It seems so simple. A few passes with a brush, an occasional suds-up in the tub or back yard, and there you have it: a well-groomed dog. If only. But help is here. We asked professional groomer Robyn Michaels for insights into keeping our dogs looking and smelling good with a minimal amount of fuss — and without the kind of mishaps that lead to a starring role on America’s Funniest Home Videos!
Q: What’s the best way to help a dog enjoy being brushed?
A: If you’re working with a puppy, start the first day, even if he doesn’t need to be brushed. It’s best to have the pup lie down, as that allows you to do a more thorough job and not break the coat — meaning that the coat could actually “break” and get split ends, causing matting — (this is very important for Tibetan Terriers, Afghan Hounds and Shih Tzus, for example). But let’s say you got the dog as an older dog, and he’s not used to being groomed. He may think he is being restrained and panic. The main thing is to be patient and work with the dog.
A grooming table makes all the difference. The floor is the dog’s territory. Being even a foot off the floor puts your dog in a different dimension and a different place psychologically. You can buy a used portable dog-grooming table or make your own; in either event, be sure the table is absolutely steady. Fear of falling affects dogs even more than physical pain.
Without a table, grooming is often a two-person job: one person to hold the dog still and the other person to brush. The person holding should have the dog on a very short leash and keep one hand on the dog’s withers (shoulders). The dog will not be as apt to struggle if he’s not being strong-armed and wrestled with.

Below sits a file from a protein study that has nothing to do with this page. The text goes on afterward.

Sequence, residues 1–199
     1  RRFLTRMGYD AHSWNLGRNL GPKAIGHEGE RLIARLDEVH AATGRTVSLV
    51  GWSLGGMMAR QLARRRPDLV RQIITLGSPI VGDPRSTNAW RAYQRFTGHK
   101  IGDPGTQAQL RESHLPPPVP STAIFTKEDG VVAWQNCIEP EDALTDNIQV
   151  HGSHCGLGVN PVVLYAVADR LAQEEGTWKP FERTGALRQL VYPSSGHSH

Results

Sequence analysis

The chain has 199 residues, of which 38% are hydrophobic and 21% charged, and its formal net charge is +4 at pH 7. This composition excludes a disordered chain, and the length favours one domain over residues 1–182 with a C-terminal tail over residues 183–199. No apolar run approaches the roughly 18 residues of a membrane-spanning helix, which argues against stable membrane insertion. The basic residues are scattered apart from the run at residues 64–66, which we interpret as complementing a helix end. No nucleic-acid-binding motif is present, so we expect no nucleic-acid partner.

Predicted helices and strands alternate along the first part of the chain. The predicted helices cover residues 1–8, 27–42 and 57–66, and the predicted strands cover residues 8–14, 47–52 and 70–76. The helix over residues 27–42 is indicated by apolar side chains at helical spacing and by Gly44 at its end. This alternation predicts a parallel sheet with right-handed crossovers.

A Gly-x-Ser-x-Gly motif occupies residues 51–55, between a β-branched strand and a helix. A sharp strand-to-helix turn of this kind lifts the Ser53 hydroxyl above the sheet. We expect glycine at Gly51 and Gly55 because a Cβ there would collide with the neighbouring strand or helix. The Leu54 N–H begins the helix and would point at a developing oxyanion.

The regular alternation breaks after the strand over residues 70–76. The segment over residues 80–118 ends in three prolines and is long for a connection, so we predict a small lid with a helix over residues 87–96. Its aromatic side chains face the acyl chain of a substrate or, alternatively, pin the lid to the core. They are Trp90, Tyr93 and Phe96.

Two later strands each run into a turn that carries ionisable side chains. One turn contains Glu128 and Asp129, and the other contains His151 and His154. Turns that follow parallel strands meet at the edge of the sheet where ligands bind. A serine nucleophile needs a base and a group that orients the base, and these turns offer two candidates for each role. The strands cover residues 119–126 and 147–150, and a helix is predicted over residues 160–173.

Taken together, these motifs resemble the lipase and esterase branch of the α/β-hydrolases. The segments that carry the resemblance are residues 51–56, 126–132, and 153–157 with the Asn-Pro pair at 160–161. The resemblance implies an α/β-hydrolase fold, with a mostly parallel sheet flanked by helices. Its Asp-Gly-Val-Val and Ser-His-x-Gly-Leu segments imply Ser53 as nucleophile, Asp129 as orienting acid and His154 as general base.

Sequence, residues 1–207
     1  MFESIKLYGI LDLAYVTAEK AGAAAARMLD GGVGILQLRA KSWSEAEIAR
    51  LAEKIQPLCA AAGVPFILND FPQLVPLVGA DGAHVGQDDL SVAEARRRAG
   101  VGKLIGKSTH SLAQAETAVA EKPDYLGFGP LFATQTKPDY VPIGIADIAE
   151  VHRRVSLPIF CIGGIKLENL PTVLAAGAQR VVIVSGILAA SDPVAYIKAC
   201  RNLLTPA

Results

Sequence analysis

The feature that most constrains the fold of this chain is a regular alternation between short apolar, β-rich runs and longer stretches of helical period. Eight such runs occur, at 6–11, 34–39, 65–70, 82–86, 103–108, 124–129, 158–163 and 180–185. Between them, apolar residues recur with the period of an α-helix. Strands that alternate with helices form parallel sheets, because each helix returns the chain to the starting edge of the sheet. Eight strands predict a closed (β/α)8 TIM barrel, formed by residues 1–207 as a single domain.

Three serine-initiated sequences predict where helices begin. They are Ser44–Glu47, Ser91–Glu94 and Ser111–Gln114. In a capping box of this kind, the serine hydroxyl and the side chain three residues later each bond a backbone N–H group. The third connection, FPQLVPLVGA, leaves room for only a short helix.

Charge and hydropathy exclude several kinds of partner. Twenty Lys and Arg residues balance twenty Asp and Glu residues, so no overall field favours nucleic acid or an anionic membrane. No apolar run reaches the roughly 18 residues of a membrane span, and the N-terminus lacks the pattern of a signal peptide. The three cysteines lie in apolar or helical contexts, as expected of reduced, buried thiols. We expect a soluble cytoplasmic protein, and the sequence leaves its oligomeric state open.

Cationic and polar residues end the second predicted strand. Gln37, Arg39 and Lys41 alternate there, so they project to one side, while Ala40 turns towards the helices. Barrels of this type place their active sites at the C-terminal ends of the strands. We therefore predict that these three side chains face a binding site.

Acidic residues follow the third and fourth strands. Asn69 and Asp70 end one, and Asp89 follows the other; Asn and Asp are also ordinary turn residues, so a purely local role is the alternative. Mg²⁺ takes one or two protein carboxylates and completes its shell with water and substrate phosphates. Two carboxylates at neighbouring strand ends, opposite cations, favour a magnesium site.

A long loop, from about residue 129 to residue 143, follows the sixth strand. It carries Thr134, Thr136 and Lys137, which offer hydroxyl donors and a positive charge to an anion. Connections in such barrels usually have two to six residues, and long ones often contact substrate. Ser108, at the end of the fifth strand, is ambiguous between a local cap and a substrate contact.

This is where I make my pitch for doing basic obedience exercises, which helps your dog understand that you really are in charge, really are a leader and won’t hurt him.
Q: No matter how often we brush our dogs, they still don’t look well groomed, and dog-hair tumbleweeds are still rolling across the floor. Why?
A: You’re probably using the wrong brush. The best-selling dog brush in America has bristles on one side and pins on the other. Unfortunately, this is the wrong brush for more than 95 percent of pet dogs. Or maybe 100 percent — I have yet to find a groomer who can tell me the breed or coat type for which they use this type of brush. The only thing I can figure out is that when people go to their local pet store and ask for help, they’re told, “Well, this [the bristle/pin number] is our best-selling brush!” and that’s what they wind up with. These brushes always seem to be at eye level in pet stores (better brushes are often displayed either overhead or close to the floor). Both the pins and the bristles bounce off the top of the dog’s coat and do very little to remove loose hair.
Q: What kind of brush should we be using?
A: For just about any breed, a slicker brush is the best choice, and just about any will do. I use two curved slickers: one called a “stiff” slicker and one with finer-gauge wire; you may find others easier to use. Personally, I don’t like flat slicker brushes because if you flick your wrist as you brush, you eventually wind up straightening out the top layer of wires. When the wires become straight (or are bent in the wrong direction), the brush is useless.
Rakes come with various numbers of teeth in a row. You will have to experiment, but to begin with, I suggest that you get one with the widest separation/ fewest teeth. The blades on the underside of the curved teeth act like seam rippers. It is almost impossible to cut your dog with this type of rake, and you will pull out a lot of hair that a slicker brush won’t get. A metal comb is also handy to have, to tease out mats, get into small areas (under armpits, behind and under ears, between toes) and clean the brush.